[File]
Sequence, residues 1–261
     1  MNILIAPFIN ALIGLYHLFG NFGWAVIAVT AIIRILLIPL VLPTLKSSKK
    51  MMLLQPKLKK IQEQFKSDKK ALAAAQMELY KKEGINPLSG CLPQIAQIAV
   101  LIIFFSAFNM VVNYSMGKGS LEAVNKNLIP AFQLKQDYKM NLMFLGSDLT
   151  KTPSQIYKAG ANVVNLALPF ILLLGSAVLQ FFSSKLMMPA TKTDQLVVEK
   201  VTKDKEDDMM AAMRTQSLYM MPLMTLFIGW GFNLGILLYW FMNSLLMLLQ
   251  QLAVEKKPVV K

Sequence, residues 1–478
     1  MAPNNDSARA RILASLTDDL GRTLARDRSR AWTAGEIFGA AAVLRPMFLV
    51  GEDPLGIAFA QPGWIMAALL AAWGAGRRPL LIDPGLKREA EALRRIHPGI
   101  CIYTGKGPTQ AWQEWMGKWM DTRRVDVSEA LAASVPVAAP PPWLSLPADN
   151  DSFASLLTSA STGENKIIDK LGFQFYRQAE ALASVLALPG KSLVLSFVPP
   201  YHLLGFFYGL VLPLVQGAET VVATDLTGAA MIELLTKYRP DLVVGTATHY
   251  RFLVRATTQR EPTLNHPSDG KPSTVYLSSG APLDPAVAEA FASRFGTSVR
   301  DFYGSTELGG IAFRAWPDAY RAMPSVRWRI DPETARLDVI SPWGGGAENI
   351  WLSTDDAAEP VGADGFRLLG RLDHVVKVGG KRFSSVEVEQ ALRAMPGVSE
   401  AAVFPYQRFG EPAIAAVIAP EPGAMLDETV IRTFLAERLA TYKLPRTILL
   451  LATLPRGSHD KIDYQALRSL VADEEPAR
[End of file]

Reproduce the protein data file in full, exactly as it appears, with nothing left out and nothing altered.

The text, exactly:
Sequence, residues 1–261
     1  MNILIAPFIN ALIGLYHLFG NFGWAVIAVT AIIRILLIPL VLPTLKSSKK
    51  MMLLQPKLKK IQEQFKSDKK ALAAAQMELY KKEGINPLSG CLPQIAQIAV
   101  LIIFFSAFNM VVNYSMGKGS LEAVNKNLIP AFQLKQDYKM NLMFLGSDLT
   151  KTPSQIYKAG ANVVNLALPF ILLLGSAVLQ FFSSKLMMPA TKTDQLVVEK
   201  VTKDKEDDMM AAMRTQSLYM MPLMTLFIGW GFNLGILLYW FMNSLLMLLQ
   251  QLAVEKKPVV K

Sequence, residues 1–478
     1  MAPNNDSARA RILASLTDDL GRTLARDRSR AWTAGEIFGA AAVLRPMFLV
    51  GEDPLGIAFA QPGWIMAALL AAWGAGRRPL LIDPGLKREA EALRRIHPGI
   101  CIYTGKGPTQ AWQEWMGKWM DTRRVDVSEA LAASVPVAAP PPWLSLPADN
   151  DSFASLLTSA STGENKIIDK LGFQFYRQAE ALASVLALPG KSLVLSFVPP
   201  YHLLGFFYGL VLPLVQGAET VVATDLTGAA MIELLTKYRP DLVVGTATHY
   251  RFLVRATTQR EPTLNHPSDG KPSTVYLSSG APLDPAVAEA FASRFGTSVR
   301  DFYGSTELGG IAFRAWPDAY RAMPSVRWRI DPETARLDVI SPWGGGAENI
   351  WLSTDDAAEP VGADGFRLLG RLDHVVKVGG KRFSSVEVEQ ALRAMPGVSE
   401  AAVFPYQRFG EPAIAAVIAP EPGAMLDETV IRTFLAERLA TYKLPRTILL
   451  LATLPRGSHD KIDYQALRSL VADEEPAR